Cover recalls Great Dayton Flood of 1913
U.S. Stamp Notes by John M. Hotchner
Disaster mail is a fascinating collecting area, principally because of the human stories behind it. How did people cope? A recent find is the cover shown here. It is marked “Flood District” in the place where a stamp should be.
The cover was postmarked April 1 in Dayton, Ohio, and according to the backstamp received in Pierre, S.D., on April 4.
The natural disaster often called the Great Dayton Flood of 1913 was caused by a series of winter rainstorms that drenched the Midwest from March 21-26. Within the three heaviest days of rain, 8 to 11 inches of rain fell throughout the Great Miami River watershed on already saturated soil, resulting in more than 90 percent runoff.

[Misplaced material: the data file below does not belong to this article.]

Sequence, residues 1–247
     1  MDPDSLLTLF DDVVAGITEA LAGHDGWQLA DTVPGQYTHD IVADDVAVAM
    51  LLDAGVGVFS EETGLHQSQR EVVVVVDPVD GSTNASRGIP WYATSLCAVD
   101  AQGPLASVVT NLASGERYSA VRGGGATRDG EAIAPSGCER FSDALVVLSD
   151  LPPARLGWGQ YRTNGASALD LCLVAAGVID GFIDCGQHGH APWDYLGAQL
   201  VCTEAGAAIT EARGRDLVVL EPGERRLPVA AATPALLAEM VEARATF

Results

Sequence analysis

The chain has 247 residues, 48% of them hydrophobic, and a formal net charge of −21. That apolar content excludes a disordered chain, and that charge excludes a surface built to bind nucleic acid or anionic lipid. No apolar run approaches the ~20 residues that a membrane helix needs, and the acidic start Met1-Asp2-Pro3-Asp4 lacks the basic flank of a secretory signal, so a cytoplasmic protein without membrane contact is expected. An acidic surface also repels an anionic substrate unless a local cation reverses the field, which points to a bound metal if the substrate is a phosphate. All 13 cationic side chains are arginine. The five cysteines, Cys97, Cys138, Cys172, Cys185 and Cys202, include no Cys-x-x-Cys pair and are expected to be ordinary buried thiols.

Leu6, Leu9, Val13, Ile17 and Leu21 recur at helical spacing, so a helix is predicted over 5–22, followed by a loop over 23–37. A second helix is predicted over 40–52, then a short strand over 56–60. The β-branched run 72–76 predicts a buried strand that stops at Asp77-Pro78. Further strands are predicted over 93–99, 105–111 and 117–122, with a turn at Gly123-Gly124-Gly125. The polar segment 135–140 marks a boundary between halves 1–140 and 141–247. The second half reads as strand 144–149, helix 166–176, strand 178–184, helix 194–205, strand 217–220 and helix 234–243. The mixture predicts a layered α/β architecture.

Existing levees failed, and downtown Dayton was flooded up to 20 feet deep. Postal services were interrupted for weeks for the residents of Dayton and the surrounding area. Flooded post offices were not open. Some mail that was delivered was delivered by boat.
Outgoing mail that could be accepted in the region was often permitted to be sent without postage as there were no places open to buy stamps.
The costs of the flood included at least 360 dead, 65,000 people displaced and about 20,000 homes destroyed. Damage was estimated to be ...
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